Quail Entry: Homology Basics

This happened probably closer to mid December, but I’m posting it now

Simplicial and Singular

What a simplicial is roughly captured in the fact that the figure below is a simplicial complex

but if the edges were oriented cyclically then you would not have a simplicial complex (would fail order preserving).  The order preserving bit is probably so that \partial^2 is zero.  Following Hatcher H^\vartriangle_n denotes simplicial homology.

Have isomorphism H_n = H^\vartriangle_n

Natural map H^\vartriangle_n(X,A) \to H_n(X,A)

1. First do case \dim X < \infty, A = \emptyset

use induction, l.e.s for (X^k, X^{k-1})

show directly H^\vartriangle_n(X^k, X^{k-1}) \cong H_n(X^k, X^{k-1}), this finish with 5-lemma

2. For \dim X = \infty show map is inj and surj via

image of chain is compact and hence contained in some X^k; then apply 1.

3. For arb (X,A) use l.e.s for (X,A).

pf provides motivation for relative homology groups H_n(X,A)





Via the above isomorphism, have easy properties

(1)H_n groups are fin. gen.

(2)H_n = 0 for n > \dim X

(easy to see with H^\vartriangle_n)

(3)H_n(X) = H_n(Y) is X,Y homemorphic

In fact, enough X,Y hmtpy equivalent.  This follow from a more general statement about

hmtpy and homology: if f_t \colon X \times I \to Y then f_* := f_{0*} = f_{1*} =: g_*

f_t \colon X \times I \to Y can be used to get p \colon C_n(X) \to C_{n+1}(Y)

s \in C_n(X)

s \times 1 \colon \Delta^n \times I \to X \times I \xrightarrow{f_t} Y becomes

p(s) \colon \cup \Delta^{n+1} \to Y \ \ \ p(s) \in C_{n+1}(Y)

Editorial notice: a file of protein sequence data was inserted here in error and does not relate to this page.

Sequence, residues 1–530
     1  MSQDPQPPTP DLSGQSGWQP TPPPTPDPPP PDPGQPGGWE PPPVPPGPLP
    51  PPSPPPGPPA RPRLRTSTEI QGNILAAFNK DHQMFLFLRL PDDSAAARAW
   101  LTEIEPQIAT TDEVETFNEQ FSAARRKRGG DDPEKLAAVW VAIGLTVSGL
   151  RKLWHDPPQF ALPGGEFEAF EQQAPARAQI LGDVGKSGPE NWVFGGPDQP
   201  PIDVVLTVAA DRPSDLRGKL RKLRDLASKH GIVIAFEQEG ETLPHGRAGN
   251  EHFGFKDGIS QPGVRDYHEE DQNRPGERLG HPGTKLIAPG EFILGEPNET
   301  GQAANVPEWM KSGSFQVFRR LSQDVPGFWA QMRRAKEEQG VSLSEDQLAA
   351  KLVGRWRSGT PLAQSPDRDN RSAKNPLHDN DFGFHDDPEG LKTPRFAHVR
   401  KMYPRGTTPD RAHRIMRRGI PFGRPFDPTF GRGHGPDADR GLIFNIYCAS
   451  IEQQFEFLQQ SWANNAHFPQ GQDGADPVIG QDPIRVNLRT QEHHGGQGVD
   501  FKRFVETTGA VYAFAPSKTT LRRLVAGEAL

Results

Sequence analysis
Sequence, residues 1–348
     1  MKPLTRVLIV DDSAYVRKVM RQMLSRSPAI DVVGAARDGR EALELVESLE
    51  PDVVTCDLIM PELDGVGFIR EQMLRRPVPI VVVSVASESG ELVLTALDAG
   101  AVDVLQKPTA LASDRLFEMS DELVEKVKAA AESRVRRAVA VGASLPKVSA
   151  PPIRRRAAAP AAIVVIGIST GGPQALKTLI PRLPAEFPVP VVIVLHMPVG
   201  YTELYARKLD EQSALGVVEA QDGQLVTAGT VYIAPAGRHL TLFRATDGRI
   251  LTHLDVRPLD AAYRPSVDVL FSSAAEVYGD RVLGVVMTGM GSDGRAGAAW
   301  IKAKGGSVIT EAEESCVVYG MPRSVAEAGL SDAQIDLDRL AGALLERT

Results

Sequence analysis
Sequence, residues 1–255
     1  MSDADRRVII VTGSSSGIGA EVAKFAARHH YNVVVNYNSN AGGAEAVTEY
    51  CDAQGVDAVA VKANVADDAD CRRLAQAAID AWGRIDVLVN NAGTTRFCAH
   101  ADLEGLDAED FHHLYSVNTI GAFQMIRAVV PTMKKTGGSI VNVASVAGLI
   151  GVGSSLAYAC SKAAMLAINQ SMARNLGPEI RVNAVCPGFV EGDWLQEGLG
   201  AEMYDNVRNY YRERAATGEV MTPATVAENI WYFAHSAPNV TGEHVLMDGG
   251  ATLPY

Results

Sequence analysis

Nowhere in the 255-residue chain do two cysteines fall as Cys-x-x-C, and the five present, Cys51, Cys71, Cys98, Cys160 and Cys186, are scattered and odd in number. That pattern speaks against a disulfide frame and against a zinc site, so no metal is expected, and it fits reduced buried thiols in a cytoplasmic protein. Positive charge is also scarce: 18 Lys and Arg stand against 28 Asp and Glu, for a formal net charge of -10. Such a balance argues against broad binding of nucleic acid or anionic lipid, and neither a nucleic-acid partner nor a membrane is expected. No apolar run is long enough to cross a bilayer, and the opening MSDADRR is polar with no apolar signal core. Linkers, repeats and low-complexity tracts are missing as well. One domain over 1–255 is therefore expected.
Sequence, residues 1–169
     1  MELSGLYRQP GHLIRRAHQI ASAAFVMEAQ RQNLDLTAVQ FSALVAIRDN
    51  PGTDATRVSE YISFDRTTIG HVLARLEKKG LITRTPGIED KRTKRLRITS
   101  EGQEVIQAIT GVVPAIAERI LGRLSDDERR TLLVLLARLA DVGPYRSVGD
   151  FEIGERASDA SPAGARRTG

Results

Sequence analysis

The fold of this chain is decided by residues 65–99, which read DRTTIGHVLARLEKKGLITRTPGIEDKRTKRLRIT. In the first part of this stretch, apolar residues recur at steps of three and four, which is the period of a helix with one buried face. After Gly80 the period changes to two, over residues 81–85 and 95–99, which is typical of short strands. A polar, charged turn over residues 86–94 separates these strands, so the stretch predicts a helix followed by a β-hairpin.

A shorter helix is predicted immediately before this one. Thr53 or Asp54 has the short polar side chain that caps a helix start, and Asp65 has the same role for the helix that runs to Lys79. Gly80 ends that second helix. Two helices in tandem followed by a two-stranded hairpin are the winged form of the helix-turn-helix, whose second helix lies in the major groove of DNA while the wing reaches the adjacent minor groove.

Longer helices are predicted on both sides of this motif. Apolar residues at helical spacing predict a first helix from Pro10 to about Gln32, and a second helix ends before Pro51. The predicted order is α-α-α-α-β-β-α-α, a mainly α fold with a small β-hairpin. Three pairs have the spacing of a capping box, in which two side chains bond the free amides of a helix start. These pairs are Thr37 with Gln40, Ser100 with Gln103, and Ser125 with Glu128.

now check f_* - g_* = \partial \circ p + p \circ \partial = 0

simple to see if f_t is hmtpy equivalence get desired iso H_nX \cong H_nY

Relative Homology Groups

Any A \subset X gives rise to s.e.s of complexes

0 \to C_*(A) \to C_*(X) \to \frac{C_*(X)}{C_*(A)} \to 0

and general homological algebras says there is long exact seqence of homology, the third group that appears is labeled H_*(X,A) so get

... \to H_n(A) \to H_n(X) \to H_n(X,A) \to H_{n-1}(A) \to ...

(X,A) is a good pair if A is closed and there is open nbd. of A that deformation retracts to A.  This definition is made because of

Good Pair Isomorphism: H_n(X,A) \cong \widetilde{H}_n(X/A)

This is proved via

Excision: Z \subset A \subset X with \bar Z \subset int(A) then (X -Z, A - Z) \to (X,A) gives iso

proved via crazy technical baryocentric subdivision stuff…


l.e.s of a triple (X\supset B \supset A) which arises from the s.e.s of complexes

0 \to \frac{C_*B}{C_*A} \to \frac{C_*X}{C_*A} \to \frac{C_*X}{C_*B} \to 0

for a good pair have X \supset V \subset A and V deformation retracts to A so l.e.s is

H_n(V,A) \to H_n(X,A) \cong H_n(X,V) \to H_{n-1}(V,A)

and middle map is iso because H_n(V,A) \cong H_n(A,A) = 0.

and diagram

where q \colon X \to X/A, the middle q_* doesn’t matter, all that is left to show is that the right q_* is an iso, and this follows essentially because the part where its not an iso is excised.

Disjoint union corollary: (\sqcup X_a, \sqcup x_a) a good pair, get \widetilde{H}_n(\vee X_a) = H_n(\sqcup X_a, \sqcup x_a) = \oplus_a H_n(X_a, x_a) = \oplus_a \widetilde{H}_n(X_a)

And for arbitrary pair (X,A) have a series of isos H_n (X \cup CA)\xrightarrow{l.e.s} H_n(X \cup CA, CA) \xrightarrow{excision} H_n(X \cup CA - pt, CA - pt) \cong H_n(X,A)


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